Lotus Elan

storage lift / two post lift

PostPost by: Bill » Tue Dec 03, 2019 6:33 pm

Rob

Thanks for the wheel jack stand tip - my back bitches as well. I got a wheeled stool right off the bat.

I figure the lift gave me at least another 19 years of this part of the pleasure of Elan ownership.

Bill
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PostPost by: rdssdi » Tue Dec 03, 2019 6:40 pm

I appreciate all the information.

The article on cars falling off a two post lift makes a four post a necessity. I will research the jacking beam option. I consider the ability to have the car on the lift with all four wheels removed an important feature. Makes brake bleeding and suspension work far less difficult.

I recently had the garage / shop built. I would have to ask the contractor the floor thickness. I beleive the floor to be at least 6" in depth.I do have very high ceilings. No issue with clearance. Heat and lights.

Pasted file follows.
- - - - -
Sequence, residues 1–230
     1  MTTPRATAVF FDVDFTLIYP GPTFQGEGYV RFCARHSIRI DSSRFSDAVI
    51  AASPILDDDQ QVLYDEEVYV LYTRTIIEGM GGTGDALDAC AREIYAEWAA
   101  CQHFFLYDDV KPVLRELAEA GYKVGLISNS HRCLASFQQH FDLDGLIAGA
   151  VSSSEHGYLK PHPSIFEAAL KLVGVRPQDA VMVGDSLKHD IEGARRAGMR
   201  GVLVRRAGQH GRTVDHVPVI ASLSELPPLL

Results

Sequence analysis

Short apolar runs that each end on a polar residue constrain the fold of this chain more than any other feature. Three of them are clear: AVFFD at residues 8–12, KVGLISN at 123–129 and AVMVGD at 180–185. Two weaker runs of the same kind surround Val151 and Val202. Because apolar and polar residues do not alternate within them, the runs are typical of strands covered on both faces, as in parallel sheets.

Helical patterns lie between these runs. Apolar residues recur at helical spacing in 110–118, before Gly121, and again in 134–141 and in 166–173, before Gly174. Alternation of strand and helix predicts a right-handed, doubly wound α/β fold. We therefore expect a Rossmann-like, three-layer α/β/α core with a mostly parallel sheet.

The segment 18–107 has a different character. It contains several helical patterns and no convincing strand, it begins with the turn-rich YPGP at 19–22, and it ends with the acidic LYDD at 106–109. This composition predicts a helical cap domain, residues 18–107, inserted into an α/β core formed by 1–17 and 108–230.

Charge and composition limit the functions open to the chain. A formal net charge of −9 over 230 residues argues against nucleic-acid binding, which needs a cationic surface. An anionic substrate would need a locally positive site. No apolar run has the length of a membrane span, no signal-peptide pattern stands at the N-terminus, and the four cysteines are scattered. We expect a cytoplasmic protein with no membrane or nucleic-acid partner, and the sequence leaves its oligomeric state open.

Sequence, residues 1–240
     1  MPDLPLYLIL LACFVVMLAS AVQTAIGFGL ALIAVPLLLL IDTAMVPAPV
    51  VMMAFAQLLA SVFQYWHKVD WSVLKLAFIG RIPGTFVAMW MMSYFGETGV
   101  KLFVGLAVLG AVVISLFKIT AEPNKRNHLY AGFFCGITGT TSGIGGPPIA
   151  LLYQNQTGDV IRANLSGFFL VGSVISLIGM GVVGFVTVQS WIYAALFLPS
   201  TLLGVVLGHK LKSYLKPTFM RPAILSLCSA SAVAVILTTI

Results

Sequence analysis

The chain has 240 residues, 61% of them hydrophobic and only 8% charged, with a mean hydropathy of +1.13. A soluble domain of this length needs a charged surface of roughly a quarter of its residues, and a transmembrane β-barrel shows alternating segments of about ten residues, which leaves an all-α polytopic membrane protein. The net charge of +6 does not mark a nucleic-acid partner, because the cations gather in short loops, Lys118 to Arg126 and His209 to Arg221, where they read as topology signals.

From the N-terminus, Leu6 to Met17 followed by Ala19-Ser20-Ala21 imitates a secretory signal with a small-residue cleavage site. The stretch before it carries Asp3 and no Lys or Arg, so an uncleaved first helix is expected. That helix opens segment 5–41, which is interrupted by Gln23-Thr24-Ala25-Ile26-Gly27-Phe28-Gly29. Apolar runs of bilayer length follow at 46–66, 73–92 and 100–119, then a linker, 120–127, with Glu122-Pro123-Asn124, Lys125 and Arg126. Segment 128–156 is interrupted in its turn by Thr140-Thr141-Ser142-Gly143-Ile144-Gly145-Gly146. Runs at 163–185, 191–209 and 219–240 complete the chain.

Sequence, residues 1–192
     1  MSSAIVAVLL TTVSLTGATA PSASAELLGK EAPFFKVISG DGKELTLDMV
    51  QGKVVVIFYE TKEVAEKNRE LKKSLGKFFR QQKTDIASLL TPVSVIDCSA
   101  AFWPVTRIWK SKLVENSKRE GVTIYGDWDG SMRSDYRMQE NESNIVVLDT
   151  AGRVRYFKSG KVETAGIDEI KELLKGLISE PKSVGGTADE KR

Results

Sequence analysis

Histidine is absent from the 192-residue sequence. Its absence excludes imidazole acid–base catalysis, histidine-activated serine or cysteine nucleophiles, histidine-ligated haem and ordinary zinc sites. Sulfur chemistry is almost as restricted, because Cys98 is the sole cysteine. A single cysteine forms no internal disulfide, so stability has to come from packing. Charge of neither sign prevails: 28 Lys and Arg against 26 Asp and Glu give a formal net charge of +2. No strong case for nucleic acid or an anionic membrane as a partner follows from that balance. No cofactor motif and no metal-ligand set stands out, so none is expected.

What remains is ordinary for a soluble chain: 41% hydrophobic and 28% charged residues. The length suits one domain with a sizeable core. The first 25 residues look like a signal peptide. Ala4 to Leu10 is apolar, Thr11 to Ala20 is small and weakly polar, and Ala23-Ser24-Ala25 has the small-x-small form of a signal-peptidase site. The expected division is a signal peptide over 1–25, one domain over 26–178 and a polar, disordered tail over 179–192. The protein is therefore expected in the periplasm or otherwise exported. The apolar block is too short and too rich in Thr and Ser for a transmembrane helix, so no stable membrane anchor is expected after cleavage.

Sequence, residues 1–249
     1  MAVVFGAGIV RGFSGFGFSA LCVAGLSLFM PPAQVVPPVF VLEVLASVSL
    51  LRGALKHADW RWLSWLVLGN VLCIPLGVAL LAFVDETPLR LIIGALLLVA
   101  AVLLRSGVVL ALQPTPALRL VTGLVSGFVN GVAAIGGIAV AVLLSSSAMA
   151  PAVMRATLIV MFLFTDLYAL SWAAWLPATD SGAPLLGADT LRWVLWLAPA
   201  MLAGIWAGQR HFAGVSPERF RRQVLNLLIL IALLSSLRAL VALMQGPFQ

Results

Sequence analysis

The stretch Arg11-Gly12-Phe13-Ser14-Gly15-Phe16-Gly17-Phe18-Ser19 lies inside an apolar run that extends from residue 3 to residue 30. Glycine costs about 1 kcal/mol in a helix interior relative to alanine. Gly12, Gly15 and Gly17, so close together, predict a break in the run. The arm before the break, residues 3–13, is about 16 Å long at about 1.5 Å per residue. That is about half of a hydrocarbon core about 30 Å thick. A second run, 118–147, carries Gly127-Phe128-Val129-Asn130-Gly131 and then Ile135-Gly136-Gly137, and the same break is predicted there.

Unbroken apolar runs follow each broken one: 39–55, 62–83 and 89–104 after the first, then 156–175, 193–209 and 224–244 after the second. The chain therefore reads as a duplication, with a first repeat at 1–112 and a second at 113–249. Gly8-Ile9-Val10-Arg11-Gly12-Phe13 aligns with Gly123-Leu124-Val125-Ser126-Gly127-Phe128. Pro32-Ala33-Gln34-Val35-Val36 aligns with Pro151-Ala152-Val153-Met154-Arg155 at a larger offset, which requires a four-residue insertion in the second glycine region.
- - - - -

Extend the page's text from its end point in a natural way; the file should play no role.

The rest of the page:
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The trailer has become a storage area.Photo does not show the Elan +2 parked in front of the TVR
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PostPost by: Bombay Racing Green » Wed Dec 04, 2019 7:16 am

I forgot you were in North America. I did toy with the idea of this:
https://mohawklifts.com/automotive-lift ... -adaptors/
However, shipping over here would be prohibitive.
I hop it helps.
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PostPost by: alanr » Wed Dec 04, 2019 9:25 am

If I had the room,height and suitable floor, and could afford it, I would install a conventional 4 poster and have a couple of hydraulic jacking beams to give 'wheels free' when needed.
Bob looks looks like he has the room?
I have always felt that 2 posters are much too scary especially so for use with older, somewhat fragile cars!